Wednesday, October 10, 2012

How & Where To Park Your Classic Car or Muscle Car In Order To Minimize The Threat of Theft

by Andrea L. Algar
Motorheads Performance

We've heard that thefts are on the rise for muscle cars, classic cars and even old trucks. How and where you park your classic car can help minimize the risk of having it stolen, having parts taken off of it, or even of having it targeted for future theft. Whether you're at home, away from home, or storing your vehicle for an extended period, there are steps you'll want to take to help keep it safe. Theft prevention is key.

Indoor Parking Garage
Precaution rules the day here. Many interventions you take are common sense, but in the haste of our busy schedules  it's easy to make exceptions and put our vehicles at unnecessary risk. If you're away from home and enjoying time out in your classic, the last thing you want to find is a vacant parking space when you return to your vehicle. Danger also lurks at home where you tend to feel safe, and no owner wants to find an empty garage spot where their cherished ride once sat.

Becoming a victim of theft does not always mean disappearance of the vehicle. Guy recalls what happened to a customer, "He and his wife had gone out to dinner at a nice restaurant. They had taken their 1969 Corvette, parked under a big bright light in the parking lot, in what appeared to be a safe area. When they came out about 45 minutes later he found that all the trim and emblems had been taken right off the car! Obviously, although upset, he was relieved that the car was still there." This is something we're all in fear of.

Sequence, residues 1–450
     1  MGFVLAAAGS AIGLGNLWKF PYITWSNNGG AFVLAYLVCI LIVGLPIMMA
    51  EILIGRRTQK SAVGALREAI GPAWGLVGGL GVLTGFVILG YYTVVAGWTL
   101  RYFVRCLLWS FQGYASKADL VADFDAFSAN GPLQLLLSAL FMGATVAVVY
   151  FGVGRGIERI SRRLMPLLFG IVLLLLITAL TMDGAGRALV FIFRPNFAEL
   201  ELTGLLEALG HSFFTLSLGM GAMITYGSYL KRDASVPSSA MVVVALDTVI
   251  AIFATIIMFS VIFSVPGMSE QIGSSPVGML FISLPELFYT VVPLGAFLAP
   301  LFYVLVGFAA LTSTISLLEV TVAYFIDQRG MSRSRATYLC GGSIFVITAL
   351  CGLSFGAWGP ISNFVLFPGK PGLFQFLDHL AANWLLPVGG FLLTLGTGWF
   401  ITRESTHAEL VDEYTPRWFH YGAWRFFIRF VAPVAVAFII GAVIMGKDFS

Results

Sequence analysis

While many thefts occur when vehicles are parked on the street or even on the owner's own property, logic would say that this is because you tend to park in these spots most often. Police data, however, reveals that based on per-hour-parked statistics, your classic car or muscle car may be at even greater risk when parked at a parking facility. They are often unmanned or poorly patrolled, poorly lit with lots of blind spots and have plenty of places where a thief can effectively hide. Low foot traffic aides in giving a thief the time needed to execute the theft of vehicles, even those with alarms and other deterrents.